Swirly Pendant | Art Elements Challenge

I’d thought I would have loads of inspired ideas for the Art Elements ‘Swirl’ theme, but I found myself continually revolving around only one concept – swirled polymer clay lentil beads. However, I couldn’t really think of anything much different from a couple of lentil bead buttons I’d made a long time ago, so it was a no-go. As the month drew to a close, I thought I just won’t participate this time. Then I decided to give mokume gane a try. As usual, it didn’t go so well, but I managed to salvage the project, and it turned into this –

Swirly pendant, polymer clay | Anita

Think this just about qualifies as a participant for the challenge! 😉

I used an embossing folder for the mokume gane texture, with a red clay sheet over a thicker yellow one, so that a patterned yellow shows up on the red when I slice away the raised areas. The slicing didn’t really work so well, so I impressed the same texture again onto the same clay. From this sheet, I cut out a square that would fit into a pendant frame that I own. I then applied red and gold Perfect Pearls on the raised surfaces of the square, and smoothed out its edges.

I filled up the pendant frame with scrap clay – I anyway had leftovers from the slicing and the cutting out of the square – and then set the square over it so it appears somewhat domed. A 20-minute bake completed the pendant.

So that’s my super-quick project for the Art Elements challenge. Today’s the reveal, and I’m eagerly looking forward to seeing what the other guests and the Art Elements team have created, and I hope you are as well!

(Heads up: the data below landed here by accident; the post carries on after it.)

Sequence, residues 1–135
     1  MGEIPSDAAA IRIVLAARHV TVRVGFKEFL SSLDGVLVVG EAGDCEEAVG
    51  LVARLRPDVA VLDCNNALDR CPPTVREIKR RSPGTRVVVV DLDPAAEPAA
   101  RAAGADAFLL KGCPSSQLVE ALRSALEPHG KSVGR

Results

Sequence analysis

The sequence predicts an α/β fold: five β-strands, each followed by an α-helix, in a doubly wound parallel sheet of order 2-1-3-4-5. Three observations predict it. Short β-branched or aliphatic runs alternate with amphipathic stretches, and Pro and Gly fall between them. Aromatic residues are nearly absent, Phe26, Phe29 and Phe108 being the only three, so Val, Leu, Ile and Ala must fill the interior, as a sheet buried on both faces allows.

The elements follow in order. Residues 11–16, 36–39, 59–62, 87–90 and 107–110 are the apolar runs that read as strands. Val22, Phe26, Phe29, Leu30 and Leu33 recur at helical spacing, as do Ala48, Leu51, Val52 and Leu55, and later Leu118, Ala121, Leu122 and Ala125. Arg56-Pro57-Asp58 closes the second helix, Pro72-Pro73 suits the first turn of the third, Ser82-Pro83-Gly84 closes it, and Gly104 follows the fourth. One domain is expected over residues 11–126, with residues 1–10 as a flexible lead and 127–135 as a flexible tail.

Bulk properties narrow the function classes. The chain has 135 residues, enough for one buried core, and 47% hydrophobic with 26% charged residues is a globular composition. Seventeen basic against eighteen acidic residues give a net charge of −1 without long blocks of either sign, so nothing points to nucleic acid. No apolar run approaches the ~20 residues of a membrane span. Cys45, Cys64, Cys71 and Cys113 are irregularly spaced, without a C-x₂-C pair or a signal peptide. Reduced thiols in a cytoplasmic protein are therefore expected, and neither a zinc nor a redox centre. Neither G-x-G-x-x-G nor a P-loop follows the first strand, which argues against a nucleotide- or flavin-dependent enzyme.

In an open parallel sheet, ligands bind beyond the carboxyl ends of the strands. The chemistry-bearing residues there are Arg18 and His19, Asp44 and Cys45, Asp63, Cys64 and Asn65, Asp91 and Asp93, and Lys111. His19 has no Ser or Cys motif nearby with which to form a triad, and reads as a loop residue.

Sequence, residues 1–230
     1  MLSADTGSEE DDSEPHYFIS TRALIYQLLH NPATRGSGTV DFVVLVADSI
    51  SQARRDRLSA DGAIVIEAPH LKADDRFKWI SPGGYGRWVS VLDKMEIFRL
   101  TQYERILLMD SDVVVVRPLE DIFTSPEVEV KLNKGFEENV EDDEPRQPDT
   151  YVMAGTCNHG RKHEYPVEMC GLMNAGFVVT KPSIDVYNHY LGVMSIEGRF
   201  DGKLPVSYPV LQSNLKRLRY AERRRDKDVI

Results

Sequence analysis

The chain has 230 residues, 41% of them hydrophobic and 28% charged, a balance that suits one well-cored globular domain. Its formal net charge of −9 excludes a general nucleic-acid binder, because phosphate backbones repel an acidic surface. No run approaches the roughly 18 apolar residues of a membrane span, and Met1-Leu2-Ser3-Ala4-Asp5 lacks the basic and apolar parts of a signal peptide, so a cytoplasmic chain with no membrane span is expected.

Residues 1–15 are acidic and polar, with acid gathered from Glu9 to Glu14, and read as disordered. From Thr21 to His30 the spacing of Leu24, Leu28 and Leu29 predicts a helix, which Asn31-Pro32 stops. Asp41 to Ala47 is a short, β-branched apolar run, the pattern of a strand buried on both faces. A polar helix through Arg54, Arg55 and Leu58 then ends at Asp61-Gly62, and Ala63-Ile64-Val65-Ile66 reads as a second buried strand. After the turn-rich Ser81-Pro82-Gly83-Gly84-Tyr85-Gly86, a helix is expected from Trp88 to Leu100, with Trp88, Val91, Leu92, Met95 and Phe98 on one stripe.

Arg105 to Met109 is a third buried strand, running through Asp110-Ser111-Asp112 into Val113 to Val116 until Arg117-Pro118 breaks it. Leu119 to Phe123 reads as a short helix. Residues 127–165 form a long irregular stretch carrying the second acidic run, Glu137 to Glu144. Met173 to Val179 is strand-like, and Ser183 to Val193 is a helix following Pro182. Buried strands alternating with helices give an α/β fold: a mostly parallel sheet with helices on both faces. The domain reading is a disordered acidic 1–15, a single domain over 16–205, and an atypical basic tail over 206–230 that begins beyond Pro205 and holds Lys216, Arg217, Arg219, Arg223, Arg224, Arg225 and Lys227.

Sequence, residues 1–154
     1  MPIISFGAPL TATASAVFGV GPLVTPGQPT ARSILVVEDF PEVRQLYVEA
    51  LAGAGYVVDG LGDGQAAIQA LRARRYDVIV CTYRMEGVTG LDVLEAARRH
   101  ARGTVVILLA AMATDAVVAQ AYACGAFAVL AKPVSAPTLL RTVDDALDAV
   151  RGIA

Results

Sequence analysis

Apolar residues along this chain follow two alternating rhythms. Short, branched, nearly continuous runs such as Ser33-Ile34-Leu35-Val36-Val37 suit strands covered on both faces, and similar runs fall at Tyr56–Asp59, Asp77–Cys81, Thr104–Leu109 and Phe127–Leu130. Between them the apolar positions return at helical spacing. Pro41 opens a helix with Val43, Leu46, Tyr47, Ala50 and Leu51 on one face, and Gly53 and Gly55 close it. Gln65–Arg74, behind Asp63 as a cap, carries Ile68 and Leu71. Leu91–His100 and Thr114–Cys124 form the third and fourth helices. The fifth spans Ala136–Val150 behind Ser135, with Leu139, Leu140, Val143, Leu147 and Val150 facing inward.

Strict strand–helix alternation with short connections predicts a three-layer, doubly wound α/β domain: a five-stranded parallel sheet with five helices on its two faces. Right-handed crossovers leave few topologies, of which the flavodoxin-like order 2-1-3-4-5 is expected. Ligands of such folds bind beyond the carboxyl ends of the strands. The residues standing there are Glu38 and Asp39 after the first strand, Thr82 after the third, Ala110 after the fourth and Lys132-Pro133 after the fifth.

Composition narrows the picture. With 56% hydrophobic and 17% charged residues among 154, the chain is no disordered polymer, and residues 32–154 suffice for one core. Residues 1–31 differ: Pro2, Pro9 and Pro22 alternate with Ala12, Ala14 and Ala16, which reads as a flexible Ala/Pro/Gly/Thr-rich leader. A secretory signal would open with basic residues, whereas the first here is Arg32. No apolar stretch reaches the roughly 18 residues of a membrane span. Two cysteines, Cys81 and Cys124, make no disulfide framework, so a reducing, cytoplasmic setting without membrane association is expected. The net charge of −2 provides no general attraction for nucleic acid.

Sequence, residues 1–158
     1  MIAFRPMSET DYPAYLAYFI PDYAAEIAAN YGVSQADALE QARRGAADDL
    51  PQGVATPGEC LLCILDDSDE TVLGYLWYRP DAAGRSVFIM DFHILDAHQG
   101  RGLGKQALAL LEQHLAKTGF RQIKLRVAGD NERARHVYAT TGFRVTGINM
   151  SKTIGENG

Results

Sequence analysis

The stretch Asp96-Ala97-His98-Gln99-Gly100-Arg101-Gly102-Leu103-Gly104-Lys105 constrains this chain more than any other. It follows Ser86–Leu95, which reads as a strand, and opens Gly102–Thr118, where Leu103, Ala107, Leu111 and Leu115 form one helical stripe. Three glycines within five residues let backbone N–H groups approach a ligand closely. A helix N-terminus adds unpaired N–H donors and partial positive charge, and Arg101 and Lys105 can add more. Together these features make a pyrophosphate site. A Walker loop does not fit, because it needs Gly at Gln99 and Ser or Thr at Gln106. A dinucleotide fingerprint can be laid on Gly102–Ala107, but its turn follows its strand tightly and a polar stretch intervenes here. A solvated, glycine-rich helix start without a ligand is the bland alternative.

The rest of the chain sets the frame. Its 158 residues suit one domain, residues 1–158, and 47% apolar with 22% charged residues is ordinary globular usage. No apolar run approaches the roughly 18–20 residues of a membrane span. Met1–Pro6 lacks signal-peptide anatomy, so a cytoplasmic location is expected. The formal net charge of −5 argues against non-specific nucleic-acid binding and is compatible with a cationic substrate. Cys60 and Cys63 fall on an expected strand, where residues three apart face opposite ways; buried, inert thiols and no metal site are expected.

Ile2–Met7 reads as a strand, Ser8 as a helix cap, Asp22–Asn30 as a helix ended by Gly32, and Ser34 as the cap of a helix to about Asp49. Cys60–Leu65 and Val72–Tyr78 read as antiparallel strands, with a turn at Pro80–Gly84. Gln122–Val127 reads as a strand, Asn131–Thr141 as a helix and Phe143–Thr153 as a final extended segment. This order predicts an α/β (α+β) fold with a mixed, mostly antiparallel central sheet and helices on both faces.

Guests: Alison Anita (You are here) Cat Caroline Jill Kathy Karin Kimberly Mischelle Raven Sarajo Susan Tammy

AE Team: Cathy Caroline Claire Jen Jenny & Lesley Laney Marsha Susan

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ABS Challenge – Feb – Star Lovers | Beads

The folks at Art Bead Scene Studio feature awesome artwork every month, and challenge their readers to create art beads, and art-bead-incorporating jewelry, inspired by the artwork. February’s inspiration is a piece, Star Lovers, by Warwick Goble.

ABS Challenge Feb 2018 -- inspiration

This month has been a bit hectic for me, which I feel is because the number of things to do remain the same but there are fewer days to do them in. So I decided to split this challenge into a bead submission first, and then a jewelry submission using the beads from the first submission.

I totally loved the flowing elements in this illustration — the birds, the lady’s dress, even the stars, all flow and swirl and float, adding to the dreamlike feel of the picture. Since Goble was an illustrator, my immediate thought was to draw something myself. On a good day, I can manage okay on paper, but on clay, not really. So I opted for the next best thing — image transfer. It counts as drawing if I transfer a digital image that I created, right? 😉 In order to make similar beads, I made my digital image have tiled patterns comprising of flowing, swirling little items.

ABS Challenge Feb 2018 -- Swirly Polymer Clay Beads using Image Transfer

I used blue and gray Sculpey Premo polymer clay to make the beads. For the image transfer, I cut out and used different sizes from the tiles in my printed-out image. I then brushed pink and orange chalk pigment on the beads for a salmon color. (It still looks mostly pink because the orange somehow wasn’t stronger than it was.) I also lightly added some yellow, which mostly manifests as green. I then adhered the beads to thicker bases. The center of the beads is empty, and it looked a bit like a ghost town compared to the busy surroundings, so inspired by the stars in the picture, I added some glitter there and spread it slightly.